The current study tested the feasibility and acceptability of training teachers to incorporate student intervention curriculum materials in classroom-based activities rather than during outdoor play. Data suggests that the influence of parents/adults has been negatively associated with outdoor physical activity in children . Data also suggests ample opportunities for active play in classroom settings , and provision of training opportunities to assist teachers with understanding how to safely and appropriately incorporate physical activity in classrooms is a promising strategy. The workshop implemented in the current study was well attended, suggesting that the delivery method was useful. We did not receive suggestions for alternative strategies for delivering the workshops. Attendees praised the opportunity for interaction and hands-on demonstrations with the activities, which would have been more difficult with one-on-one or online training formats. The high ratings of materials and activities included in the training and reported increases in knowledge and skills following training suggested that the content was acceptable and worthwhile. Teachers, in particular, reported high confidence in their ability to begin using training content immediately after the workshops. Attendees did request opportunities to view videos of successful implementation of strategies. As this was the first training delivered, case study videos were not available; however, this valuable suggestion will be incorporated into future training workshops.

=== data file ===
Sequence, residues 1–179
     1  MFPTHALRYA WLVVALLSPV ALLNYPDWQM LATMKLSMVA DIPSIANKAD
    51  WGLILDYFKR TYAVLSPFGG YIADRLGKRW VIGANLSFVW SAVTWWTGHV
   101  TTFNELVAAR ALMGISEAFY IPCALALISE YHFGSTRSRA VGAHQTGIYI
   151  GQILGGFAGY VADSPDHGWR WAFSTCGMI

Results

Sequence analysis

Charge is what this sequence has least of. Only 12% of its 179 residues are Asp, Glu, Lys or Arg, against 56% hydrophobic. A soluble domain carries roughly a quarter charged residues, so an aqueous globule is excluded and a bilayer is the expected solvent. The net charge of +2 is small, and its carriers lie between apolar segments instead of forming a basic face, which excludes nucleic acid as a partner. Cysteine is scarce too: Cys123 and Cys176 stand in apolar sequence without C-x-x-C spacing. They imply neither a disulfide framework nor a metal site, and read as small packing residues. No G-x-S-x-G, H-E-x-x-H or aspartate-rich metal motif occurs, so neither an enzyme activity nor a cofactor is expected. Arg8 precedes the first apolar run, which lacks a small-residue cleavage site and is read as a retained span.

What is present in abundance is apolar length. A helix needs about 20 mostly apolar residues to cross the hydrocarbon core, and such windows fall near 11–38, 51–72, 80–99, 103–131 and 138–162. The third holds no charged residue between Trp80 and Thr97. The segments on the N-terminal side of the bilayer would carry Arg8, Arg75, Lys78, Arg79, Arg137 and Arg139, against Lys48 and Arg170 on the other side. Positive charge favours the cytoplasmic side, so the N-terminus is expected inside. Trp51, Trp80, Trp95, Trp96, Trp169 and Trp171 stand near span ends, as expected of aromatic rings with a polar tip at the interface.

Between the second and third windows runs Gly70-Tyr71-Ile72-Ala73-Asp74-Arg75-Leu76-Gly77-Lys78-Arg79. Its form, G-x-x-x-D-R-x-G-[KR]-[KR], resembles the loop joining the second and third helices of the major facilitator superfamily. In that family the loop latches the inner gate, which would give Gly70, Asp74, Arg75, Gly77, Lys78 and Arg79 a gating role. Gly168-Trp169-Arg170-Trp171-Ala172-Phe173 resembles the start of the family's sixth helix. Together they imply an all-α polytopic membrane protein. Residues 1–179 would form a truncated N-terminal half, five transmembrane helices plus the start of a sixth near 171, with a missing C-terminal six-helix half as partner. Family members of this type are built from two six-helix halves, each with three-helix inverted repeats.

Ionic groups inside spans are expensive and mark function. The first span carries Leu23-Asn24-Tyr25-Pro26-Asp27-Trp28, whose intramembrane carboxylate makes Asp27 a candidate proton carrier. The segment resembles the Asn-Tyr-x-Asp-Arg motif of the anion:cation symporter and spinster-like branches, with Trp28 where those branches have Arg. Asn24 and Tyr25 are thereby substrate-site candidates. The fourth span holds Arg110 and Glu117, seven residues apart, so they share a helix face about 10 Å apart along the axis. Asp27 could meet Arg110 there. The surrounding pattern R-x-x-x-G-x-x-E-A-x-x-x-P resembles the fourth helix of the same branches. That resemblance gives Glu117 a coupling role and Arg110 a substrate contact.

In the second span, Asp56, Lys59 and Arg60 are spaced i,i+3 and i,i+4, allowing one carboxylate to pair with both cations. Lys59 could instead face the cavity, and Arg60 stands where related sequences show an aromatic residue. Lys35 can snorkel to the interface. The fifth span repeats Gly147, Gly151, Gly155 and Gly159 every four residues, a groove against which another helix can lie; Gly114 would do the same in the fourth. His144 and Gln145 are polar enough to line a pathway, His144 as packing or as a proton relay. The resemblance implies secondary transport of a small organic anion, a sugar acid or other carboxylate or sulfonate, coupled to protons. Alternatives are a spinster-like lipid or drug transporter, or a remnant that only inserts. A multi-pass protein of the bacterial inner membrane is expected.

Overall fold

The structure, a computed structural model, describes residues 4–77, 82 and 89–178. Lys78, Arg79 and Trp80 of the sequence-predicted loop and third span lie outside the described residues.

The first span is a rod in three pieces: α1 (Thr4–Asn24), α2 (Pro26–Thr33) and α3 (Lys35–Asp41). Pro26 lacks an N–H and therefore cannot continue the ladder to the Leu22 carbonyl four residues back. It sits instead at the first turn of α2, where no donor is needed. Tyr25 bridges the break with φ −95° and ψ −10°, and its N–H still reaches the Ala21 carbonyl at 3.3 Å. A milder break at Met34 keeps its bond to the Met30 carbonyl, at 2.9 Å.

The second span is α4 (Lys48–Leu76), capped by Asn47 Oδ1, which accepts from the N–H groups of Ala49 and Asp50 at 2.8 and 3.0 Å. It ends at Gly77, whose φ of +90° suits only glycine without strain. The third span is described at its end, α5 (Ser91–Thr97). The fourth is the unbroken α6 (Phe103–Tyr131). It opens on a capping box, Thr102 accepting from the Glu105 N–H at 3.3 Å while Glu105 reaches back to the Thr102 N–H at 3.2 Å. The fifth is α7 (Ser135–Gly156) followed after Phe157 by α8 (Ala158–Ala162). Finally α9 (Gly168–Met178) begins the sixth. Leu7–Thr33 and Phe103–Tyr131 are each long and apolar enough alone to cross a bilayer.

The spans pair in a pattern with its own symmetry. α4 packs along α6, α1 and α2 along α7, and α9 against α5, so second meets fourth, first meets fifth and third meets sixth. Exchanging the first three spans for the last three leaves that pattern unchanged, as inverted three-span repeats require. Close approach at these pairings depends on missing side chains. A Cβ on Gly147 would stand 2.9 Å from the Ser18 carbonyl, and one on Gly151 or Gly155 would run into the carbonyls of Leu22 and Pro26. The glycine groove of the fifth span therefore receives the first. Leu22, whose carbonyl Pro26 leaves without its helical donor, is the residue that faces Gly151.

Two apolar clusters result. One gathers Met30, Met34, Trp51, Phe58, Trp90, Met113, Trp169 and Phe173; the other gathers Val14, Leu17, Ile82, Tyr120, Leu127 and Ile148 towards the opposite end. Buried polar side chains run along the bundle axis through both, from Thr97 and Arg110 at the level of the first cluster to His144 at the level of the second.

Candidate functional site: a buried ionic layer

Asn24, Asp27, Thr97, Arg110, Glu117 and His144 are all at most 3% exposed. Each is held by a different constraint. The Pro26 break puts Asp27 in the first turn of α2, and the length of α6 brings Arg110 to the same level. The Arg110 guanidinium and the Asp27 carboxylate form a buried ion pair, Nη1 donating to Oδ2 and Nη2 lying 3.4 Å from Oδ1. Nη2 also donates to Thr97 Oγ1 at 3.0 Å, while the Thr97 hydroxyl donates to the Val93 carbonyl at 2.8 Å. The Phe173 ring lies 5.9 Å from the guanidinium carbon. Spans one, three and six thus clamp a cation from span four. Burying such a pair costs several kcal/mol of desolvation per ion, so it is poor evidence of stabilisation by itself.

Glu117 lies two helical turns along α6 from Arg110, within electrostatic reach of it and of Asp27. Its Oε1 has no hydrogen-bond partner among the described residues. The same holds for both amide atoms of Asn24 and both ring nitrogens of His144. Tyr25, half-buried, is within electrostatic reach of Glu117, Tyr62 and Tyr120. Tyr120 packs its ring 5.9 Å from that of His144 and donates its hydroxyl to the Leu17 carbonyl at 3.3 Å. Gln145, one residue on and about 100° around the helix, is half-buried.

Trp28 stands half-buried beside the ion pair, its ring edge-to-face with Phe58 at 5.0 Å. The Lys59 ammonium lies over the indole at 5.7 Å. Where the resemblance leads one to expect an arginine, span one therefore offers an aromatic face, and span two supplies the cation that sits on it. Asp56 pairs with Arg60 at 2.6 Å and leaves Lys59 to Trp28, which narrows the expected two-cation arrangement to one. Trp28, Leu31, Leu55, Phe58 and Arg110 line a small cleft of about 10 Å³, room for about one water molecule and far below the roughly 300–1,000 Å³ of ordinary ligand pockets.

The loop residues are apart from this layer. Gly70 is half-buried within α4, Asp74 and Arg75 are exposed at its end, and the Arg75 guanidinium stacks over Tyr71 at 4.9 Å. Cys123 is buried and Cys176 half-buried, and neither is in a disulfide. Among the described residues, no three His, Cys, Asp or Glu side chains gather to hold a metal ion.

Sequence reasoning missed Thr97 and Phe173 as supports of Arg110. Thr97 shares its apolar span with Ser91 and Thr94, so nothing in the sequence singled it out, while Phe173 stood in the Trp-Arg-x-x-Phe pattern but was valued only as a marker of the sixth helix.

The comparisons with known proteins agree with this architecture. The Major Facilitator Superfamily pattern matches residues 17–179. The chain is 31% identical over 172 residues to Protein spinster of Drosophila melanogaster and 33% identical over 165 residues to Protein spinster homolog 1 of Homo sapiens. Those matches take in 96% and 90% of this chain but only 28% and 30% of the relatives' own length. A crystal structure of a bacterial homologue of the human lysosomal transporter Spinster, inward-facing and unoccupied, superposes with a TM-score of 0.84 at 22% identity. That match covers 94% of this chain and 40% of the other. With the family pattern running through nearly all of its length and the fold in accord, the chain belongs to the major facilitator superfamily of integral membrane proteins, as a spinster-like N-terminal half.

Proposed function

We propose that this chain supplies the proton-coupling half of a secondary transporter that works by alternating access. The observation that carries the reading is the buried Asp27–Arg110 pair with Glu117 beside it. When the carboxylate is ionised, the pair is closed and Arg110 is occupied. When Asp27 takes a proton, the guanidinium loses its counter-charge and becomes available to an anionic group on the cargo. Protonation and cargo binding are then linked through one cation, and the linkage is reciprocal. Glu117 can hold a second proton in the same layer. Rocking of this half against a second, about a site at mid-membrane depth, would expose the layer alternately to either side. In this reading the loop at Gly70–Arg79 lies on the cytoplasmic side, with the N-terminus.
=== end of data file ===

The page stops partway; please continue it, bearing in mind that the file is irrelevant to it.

The trainings offered insight about the additional support that may be needed during and following the workshops. Contrary to our expectations teachers wanted more, rather than less, follow-up and check-ins with research staff for advice on how to use the curriculum. Teachers stated that knowing someone would be checking in with them would motivate them to use the curriculum and equipment. Teachers also wanted to begin using the curriculum and materials and then have the opportunity to interact with research staff in case they had questions. As mentioned, teachers also desired additional training on strategies for engaging parents in physical activity with their children and strategies for intervening on nutrition.